China’s Role in 1965 Indo-Pak War

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by Qura tul ain Hafeez     26 September 2018

China is one of the most reliable partners of Pakistan throughout the establishment of their diplomatic relations since 1951. It has been a trustworthy companion in providing Pakistan with the military assistance, economic advancement, financially viable means (the recent CPEC is a clear example) and supporting Pakistan in volatile and unpredictable regional security circumstance. One of the examples of this unparallel friendship is China’s incomparable support to Pakistan in the Indo-Pakistan war of 1965. The skirmishes which were being carried out from April 1965 up till September culminated into a full-fledged war when on 6 September 1965 Indian forces attacked Pakistan in a surprise move without any inducement.

Causing thousands of casualties and human loss the war observed the most significant usage of armored vehicles and the battle tanks since World War II. The neighboring friends and countries that supported Pakistan included Iran, Turkey, and Saudi Arabia more specifically China which viewed the short-term war not much favorable for Pakistan. China had some reservations vis-a-vis the Soviet-sponsored declaration (later signed as Tashkent declaration). Eventually, After seven days the United Nations intervened and declared a ceasefire which brought an end to the hostilities between the two. However, China mainly played an essential role in supporting Pakistan in this crucial time while naming Indian act as “naked aggression.” China at that time exerted pressure to force the belligerent state, i.e., India, for a ceasefire. With this China served frequent warnings to India “that it must bear responsibility for all the consequences of its criminal and extended aggression.” Considering India’s aggressive action, China issued a sharp ultimatum to India to avoid the usage of the Sino-Indian border as a vantage point for military installation within three days or face the grave consequences arising thereon. China also strengthened its defense and heightened its alertness along its border at Doklam and Sikkim. For sure such warnings were definitely to serve Pakistan’s interests and to divert India’s attention from crossing the Line of Control (LoC).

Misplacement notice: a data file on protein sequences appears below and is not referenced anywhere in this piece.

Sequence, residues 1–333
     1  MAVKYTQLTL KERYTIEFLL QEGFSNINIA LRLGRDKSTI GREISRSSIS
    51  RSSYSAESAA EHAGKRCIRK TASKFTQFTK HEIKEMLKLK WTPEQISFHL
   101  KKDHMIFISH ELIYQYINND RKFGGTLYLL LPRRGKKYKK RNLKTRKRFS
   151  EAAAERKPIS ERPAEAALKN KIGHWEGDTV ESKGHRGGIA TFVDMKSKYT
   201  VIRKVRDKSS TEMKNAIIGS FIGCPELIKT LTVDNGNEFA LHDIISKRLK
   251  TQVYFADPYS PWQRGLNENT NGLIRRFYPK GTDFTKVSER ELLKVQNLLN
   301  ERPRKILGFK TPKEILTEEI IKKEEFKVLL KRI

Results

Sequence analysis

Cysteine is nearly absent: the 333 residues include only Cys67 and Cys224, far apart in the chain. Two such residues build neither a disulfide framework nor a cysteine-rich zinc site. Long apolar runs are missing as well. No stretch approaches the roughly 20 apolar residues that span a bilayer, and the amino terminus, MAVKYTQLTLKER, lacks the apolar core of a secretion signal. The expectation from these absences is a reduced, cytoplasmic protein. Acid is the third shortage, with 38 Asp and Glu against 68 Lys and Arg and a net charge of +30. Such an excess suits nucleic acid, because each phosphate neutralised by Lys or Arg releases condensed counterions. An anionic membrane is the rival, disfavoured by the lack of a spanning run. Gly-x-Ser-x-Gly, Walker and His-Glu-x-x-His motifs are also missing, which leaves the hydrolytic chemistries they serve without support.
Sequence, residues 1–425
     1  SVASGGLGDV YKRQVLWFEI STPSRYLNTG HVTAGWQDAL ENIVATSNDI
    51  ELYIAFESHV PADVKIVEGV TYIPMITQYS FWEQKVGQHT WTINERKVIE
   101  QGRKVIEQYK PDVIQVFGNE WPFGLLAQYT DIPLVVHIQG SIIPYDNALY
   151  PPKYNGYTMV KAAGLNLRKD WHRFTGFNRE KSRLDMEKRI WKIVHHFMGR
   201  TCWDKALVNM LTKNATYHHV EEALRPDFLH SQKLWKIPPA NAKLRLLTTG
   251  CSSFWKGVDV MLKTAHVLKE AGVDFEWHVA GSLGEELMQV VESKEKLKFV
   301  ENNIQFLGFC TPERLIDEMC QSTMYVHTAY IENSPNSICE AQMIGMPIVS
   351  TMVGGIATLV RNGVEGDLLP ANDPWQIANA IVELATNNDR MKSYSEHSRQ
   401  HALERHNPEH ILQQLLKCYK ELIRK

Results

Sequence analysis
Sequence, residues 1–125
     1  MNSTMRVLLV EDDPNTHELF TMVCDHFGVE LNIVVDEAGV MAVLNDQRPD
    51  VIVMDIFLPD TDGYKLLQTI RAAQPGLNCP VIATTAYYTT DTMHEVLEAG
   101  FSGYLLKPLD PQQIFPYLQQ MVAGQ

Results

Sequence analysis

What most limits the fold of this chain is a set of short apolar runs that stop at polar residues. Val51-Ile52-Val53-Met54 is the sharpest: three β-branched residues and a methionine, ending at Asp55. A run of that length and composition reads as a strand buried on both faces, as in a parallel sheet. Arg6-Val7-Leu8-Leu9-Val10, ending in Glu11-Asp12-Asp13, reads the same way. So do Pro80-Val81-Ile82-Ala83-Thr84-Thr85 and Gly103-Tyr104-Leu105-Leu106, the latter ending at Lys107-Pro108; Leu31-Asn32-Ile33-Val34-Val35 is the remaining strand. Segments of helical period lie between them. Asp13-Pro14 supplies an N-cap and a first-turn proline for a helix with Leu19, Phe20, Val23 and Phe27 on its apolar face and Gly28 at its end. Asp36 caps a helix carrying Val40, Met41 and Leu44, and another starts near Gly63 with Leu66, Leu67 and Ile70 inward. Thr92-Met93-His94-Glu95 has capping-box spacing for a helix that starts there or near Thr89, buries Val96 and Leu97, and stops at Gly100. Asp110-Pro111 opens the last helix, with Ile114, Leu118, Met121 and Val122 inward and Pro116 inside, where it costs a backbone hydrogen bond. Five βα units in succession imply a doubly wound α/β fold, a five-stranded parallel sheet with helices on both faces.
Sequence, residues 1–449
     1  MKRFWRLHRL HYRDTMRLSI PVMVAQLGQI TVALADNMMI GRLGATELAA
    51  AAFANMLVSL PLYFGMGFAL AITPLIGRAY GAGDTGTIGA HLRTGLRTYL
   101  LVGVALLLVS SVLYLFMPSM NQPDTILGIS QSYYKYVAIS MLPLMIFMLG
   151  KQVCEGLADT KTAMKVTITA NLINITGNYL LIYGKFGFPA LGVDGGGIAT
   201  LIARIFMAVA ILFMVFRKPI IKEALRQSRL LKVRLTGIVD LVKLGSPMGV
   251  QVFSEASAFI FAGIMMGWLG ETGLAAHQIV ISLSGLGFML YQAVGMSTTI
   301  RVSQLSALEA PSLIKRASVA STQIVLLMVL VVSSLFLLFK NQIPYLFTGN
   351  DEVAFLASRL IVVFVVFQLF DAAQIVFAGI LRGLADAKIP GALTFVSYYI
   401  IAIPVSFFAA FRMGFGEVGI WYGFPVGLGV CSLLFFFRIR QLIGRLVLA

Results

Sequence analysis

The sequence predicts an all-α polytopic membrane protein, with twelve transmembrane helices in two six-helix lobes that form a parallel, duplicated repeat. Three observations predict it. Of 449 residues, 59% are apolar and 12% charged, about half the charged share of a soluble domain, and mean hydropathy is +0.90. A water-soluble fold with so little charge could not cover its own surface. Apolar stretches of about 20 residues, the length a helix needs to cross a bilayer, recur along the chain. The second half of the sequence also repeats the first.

These ultimatums stopped India from escalating further was followed by the western opposition for Pakistan. Instead of broadening prerequisite help to Pakistan as a strategic ally of the Cold War defence pacts, i.e., SEATO and CENTO, the United States somewhat obligated arms embargo on Pakistan and gave a free hand to India. Despite sanctions, China supported Pakistan as much as it could. The support was friendly yet cautious. The primary reason for China in avoiding to intervene in the 1965 Indo-Pak war directly was the Indo-Soviet Treaty of Friendship and the US-Soviet-Indian complicity in opposition to China.

Later China facilitated Pakistan financially to compensate for Pakistan’s war losses by offering US$ 60 million in 1965 and military equipment including tanks and aircraft. Eventually, China’s support to Pakistan in 1965 Indo-Pak war further consolidated Pakistan China relations. It also supported Pakistan in 1971 war with India. China is now one of the biggest investors in Pakistan as the great China-Pakistan Economic Corridor (CPEC) is one such example. With the passage of time, China-Pakistan relations become sweeter than honey and higher than the Himalayas. China has always perceived Pakistan as an important ally which could provide it the much required geostrategic linkages and route access to the Middle East and the Persian Gulf. It is also a source for bridging the relations in the Islamic world. China at some times acknowledged Pakistan’s friendship saying “China can give up gold but not its friendship with Pakistan”- President Hu Jintao.

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